Drive more safely: You may be entitled to a safe driver discount if you maintain a clean driving record for a certain amount of time (usually three years). This generally means no accidents, drunk driving convictions, serious moving violations, or other infractions during that time.
Add safety/antitheft devices: You may receive a discount if your car is equipped with safety features like antilock brakes, automatic seat belts, and airbags. Also, antitheft devices such as car alarms and tracking systems may get you a discount because they reduce the odds of theft and vandalism.
Check out rates by location: If you are moving or relocating, check out rate differences among your possible new residences. Sometimes a short distance can mean a big difference in rates.
Keep your car in a garage: Housing your car in a garage may give you a slight break on your premium. That's because cars parked in garages are less likely to be stolen, vandalized, or struck by other vehicles.
Get a multipolicy/multifamily discount: You may receive a discount from your insurance company if you buy more than one type of insurance from that same company (e.g., auto and homeowners). A discount may also apply if you insure multiple cars under the same policy or with the same company.
Ask about other discounts: Other discounts may be available if you don't smoke, participate in a car pool, stay with the same company for a number of years, are over 50 years of age, have a covered child who attends school at least 100 miles away, or meet other conditions.
Drop certain coverages
The collision and other-than-collision portions of your policy cover damage to your own vehicle from accidents and a variety of other causes. This coverage is optional in virtually every state, so does it make sense to have it? In most cases, yes. However, if you drive an older car that's worth less than $1,000, it may be cost effective to drop this type of coverage. Why? Even if the car were stolen or totaled, the amount of money you'd get from your insurance company would be relatively small. In some cases, the amount you'd receive would be even less than your out-of-pocket costs for this type of coverage (the extra premium and the deductible). Another thought is to drop any optional endorsements you may have--weigh the cost of these items against their importance to you.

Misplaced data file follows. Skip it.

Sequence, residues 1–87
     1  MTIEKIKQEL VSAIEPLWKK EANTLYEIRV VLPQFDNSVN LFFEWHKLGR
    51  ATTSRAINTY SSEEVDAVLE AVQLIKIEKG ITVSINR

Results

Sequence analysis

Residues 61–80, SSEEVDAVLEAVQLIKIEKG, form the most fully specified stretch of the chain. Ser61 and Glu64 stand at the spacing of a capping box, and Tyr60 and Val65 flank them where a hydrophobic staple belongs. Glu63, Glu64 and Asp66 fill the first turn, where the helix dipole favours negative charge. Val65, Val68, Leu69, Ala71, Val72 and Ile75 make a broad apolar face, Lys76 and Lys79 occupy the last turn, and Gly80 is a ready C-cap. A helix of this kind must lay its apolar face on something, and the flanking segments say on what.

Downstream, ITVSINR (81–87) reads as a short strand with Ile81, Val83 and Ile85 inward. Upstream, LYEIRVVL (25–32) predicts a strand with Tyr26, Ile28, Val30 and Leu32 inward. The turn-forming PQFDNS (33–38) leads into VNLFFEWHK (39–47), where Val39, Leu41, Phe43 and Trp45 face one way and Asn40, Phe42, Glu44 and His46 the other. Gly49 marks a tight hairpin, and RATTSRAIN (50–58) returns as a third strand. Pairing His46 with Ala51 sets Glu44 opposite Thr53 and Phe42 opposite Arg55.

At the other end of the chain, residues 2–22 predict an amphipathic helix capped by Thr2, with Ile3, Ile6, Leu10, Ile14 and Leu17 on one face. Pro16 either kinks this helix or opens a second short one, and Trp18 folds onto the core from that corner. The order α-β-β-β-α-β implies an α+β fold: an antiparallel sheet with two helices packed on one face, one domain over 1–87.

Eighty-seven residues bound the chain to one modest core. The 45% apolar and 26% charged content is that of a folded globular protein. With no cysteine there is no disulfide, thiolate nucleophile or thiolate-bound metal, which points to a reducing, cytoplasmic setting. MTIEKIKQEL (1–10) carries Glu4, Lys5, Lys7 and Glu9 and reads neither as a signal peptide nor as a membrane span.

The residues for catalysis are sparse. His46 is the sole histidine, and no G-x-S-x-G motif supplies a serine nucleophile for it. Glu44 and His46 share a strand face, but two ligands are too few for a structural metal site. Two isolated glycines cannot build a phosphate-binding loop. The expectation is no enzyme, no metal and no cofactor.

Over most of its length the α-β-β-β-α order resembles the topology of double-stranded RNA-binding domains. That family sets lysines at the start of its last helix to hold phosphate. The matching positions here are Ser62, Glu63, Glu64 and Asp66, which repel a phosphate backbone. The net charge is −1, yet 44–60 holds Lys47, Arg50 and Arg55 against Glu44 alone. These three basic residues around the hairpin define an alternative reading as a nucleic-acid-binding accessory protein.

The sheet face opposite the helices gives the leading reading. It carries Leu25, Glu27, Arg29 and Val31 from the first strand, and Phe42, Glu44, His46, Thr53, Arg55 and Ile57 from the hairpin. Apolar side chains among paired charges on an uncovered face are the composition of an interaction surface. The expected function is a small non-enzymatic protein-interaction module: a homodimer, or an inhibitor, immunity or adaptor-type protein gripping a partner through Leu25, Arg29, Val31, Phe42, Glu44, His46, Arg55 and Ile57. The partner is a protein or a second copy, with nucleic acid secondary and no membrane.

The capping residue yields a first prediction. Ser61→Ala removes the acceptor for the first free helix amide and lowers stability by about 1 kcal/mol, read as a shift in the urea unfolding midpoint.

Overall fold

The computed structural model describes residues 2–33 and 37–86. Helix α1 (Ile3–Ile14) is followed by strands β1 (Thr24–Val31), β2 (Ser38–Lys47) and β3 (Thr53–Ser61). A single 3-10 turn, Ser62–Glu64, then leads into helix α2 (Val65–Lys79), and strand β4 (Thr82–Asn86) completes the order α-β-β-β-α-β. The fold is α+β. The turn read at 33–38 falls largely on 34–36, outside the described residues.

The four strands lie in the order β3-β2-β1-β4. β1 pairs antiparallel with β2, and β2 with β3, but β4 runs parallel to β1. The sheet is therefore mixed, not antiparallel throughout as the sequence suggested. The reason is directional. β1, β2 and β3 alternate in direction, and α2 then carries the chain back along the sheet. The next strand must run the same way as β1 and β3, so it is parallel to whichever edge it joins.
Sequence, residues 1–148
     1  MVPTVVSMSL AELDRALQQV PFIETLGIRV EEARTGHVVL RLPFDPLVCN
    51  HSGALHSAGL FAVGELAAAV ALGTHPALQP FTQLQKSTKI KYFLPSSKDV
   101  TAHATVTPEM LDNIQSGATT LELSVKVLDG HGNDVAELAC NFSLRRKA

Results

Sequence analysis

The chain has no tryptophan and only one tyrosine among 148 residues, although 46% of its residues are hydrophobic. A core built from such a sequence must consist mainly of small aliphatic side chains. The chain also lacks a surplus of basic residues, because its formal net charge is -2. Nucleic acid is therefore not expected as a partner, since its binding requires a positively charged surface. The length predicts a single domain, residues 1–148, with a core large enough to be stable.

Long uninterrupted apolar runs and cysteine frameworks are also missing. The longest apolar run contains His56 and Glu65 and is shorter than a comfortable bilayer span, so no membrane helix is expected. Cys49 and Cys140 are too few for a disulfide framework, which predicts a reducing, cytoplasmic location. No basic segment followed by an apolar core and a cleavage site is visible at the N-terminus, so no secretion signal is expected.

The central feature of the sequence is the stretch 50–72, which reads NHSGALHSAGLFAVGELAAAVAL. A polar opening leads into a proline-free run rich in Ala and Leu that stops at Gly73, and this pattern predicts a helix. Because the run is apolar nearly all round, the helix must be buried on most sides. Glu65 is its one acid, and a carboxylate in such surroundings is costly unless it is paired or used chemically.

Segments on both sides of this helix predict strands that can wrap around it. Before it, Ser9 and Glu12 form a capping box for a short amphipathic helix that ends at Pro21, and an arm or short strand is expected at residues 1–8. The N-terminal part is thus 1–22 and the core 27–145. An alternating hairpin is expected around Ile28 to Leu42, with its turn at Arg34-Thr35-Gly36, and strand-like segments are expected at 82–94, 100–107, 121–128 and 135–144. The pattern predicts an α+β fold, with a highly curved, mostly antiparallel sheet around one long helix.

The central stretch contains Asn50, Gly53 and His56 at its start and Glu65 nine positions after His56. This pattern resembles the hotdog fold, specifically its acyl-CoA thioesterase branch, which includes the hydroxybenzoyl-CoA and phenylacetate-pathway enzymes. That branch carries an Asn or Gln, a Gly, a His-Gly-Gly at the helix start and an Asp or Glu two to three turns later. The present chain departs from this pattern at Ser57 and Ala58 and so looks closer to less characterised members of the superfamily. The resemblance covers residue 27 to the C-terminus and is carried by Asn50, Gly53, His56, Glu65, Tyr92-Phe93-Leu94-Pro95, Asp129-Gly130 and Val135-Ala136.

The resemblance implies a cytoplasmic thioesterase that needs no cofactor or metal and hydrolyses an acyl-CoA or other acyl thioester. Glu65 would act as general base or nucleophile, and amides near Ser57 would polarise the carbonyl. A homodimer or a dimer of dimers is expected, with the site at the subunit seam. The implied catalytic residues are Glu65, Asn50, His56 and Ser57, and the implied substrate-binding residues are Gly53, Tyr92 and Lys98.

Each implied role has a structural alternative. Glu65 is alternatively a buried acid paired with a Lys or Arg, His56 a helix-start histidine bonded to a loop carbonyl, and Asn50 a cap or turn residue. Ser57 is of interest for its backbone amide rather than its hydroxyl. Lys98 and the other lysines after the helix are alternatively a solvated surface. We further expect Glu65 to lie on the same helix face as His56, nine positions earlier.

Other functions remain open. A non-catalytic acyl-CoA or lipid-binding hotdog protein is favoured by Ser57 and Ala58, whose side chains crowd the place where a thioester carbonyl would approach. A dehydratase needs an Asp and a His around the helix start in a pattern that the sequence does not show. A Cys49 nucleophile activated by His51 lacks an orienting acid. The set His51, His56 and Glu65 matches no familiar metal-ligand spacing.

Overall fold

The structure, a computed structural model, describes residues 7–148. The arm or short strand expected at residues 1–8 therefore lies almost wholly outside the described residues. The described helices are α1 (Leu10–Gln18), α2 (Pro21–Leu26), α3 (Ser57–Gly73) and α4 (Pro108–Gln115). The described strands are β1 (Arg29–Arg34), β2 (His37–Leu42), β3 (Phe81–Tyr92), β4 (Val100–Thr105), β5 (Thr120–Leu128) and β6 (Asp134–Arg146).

Lower coverage limits
Another way to reduce your premium is to lower the dollar amounts of certain coverages (though state minimums may apply). But be very careful. Having less than adequate amounts of insurance can be risky, especially in the area of liability coverage. You should keep your liability coverage as high as possible, because this is where you can have the greatest losses. For example, if you injure people in an accident, claims against you for medical bills and other expenses can be substantial. You might consider less coverage in other areas, but don't rush into these decisions just to save money--discuss them with your insurance agent or broker first.